What Hours Count Toward Active or Material Participation?

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What hours count toward material participation?

As a reminder, you can only count participation hours in real property trades or businesses in which you materially participate. 

To materially participate in a real property trade or business, the taxpayer must be involved in the operations of the activity on a regular, continuous, and substantial basis (IRC Sec. 469(h)(1)). 

Participation hours in real property trades or businesses in which you materially participate are those that affect the day-to-day operations of the business. 

If I’m married can I count my partners hours?

A married taxpayer is required to count any hours performed by his or her spouse (IRC Sec. 469(h)(5)), even if the spouse does not own an interest in the business or if no joint return is filed. 

However, the spouse’s hours only count toward material participation and not toward the real estate professional status.

For landlords, that can mean:

  • Hours spent acquiring property (not research hours!), 
  • Showing the property to prospective tenants, 
  • Writing and placing rental ads
  • Taking tenant applications
  • Running background checks and screening tenants
  • Preparing and negotiating leases
  • Cleaning the units after tenant move-out
  • Maintaining the grounds
  • Doing repairs yourself
  • Doing improvements yourself or arranging (and managing, but not “watching”) others to do them
  • Hiring and supervising a property manager
  • Purchasing supplies and materials for use on the rentals
  • Inspecting the property
  • Communicating with tenants, responding to their complaints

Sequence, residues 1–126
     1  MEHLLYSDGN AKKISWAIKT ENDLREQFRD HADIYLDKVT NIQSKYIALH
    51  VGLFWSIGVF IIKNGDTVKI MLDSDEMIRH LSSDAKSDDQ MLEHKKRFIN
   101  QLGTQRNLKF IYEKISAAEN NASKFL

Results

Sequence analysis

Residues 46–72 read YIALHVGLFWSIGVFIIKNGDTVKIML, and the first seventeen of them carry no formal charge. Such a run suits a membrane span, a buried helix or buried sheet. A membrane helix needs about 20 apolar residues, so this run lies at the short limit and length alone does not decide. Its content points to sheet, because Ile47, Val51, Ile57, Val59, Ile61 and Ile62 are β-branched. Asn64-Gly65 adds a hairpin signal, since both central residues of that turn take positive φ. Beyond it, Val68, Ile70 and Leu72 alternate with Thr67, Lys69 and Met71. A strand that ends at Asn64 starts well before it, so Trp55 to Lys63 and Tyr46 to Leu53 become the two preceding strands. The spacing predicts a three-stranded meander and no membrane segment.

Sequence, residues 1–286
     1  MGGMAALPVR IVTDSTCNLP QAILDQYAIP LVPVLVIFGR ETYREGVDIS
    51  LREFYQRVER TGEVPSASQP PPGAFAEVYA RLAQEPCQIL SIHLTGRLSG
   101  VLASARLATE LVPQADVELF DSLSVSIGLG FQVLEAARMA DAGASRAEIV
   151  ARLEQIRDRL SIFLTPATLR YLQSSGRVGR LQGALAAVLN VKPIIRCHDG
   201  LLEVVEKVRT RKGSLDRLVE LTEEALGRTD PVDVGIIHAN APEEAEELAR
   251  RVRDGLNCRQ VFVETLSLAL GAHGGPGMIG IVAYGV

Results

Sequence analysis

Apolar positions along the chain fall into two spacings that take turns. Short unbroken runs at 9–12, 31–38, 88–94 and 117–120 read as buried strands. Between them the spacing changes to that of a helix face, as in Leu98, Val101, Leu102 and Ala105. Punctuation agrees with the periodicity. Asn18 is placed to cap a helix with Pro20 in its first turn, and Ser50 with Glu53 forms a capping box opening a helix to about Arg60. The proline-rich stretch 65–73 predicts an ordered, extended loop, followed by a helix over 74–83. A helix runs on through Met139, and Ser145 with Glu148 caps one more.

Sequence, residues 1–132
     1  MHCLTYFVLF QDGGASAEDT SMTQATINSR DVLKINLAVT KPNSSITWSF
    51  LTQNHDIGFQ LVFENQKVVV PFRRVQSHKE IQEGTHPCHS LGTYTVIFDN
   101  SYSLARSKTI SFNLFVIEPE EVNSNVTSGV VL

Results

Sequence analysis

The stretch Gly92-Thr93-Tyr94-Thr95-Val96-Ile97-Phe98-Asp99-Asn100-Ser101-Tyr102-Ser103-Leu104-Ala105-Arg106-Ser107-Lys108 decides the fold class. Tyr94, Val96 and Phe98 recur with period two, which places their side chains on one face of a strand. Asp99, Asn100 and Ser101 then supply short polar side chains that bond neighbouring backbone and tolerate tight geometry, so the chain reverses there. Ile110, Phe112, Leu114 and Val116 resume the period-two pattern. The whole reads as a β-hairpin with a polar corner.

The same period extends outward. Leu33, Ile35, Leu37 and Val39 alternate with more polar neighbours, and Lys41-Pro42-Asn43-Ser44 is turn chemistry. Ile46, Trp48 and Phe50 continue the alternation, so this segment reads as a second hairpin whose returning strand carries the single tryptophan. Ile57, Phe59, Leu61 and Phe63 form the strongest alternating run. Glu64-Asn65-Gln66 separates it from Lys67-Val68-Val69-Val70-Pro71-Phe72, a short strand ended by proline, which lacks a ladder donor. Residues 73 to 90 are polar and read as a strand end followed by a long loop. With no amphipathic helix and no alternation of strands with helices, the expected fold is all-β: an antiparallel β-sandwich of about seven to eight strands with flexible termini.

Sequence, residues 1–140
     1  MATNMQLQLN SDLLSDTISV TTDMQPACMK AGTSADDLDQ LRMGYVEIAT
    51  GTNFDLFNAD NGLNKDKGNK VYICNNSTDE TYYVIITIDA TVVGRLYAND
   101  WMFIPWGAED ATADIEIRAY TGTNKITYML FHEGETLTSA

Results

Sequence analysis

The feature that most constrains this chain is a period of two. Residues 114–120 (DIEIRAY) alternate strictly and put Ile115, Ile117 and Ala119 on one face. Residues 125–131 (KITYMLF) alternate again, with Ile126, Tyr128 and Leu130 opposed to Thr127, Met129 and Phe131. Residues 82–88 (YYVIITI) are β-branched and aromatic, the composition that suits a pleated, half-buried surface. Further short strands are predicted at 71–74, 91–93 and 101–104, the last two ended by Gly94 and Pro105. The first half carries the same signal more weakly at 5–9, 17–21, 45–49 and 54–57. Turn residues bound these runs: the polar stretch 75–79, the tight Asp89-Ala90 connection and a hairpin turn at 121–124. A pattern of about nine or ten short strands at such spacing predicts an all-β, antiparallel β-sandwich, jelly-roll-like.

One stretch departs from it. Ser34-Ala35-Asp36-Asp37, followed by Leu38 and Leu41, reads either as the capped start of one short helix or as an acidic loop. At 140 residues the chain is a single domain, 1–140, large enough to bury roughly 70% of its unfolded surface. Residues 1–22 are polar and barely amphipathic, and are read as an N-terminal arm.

• Collecting rents
  • Evicting tenants
  • Traveling to your rentals (as long as there is a business reason to do so)
  • If you’re reading this list and thinking “crap I basically have to self-manage my rentals” you’re pretty much correct. 

Commonly counted and should NOT be

  • Travel time - The IRS’s position is that travel time does not count as participation hours in a real property trade or business. As detailed by the IRS Audit Technique Guide:  
  • Investor hours (includes eduction) - Additionally, “investor” hours do not count toward material participation hours (Temp. Regs. Sec. 1.469-5T(f)(2)(ii)) – such hours include: studying and reviewing financial statements, searching for new properties, education, preparing summaries of the finances or operations, or managing the finances of an activity in a nonmanagerial capacity.
  • review the IRS Passive Activity Loss Audit Technique Guide and a few hundred Tax Court cases, you’ll come to the same conclusion
  • Jafarpour v. Commissioner, T.C. Memo 2012-165
  • Padilla v. Commissioner, T.C. Summary Opinion 2015-3
  • Worked performed to avoid disallowance - We point to Temp. Regs. Sec. 1.469-5T(f)(2)(i)(B) which states that: One of the principal purposes for the performance of such work is to avoid the disallowance, under section 469 and the regulations thereunder, of any loss or credit from such activity. 
  • Translation: if you are logging hours simply to avoid the passive activity loss rules, those hours won’t count as participation. 

This article is provided for illustrative purposes only; it does not provide personalized tax, legal, financial, or other professional advice. Your situation may be different; consult a professional for information concerning your individual tax, financial, or legal situation before taking any action.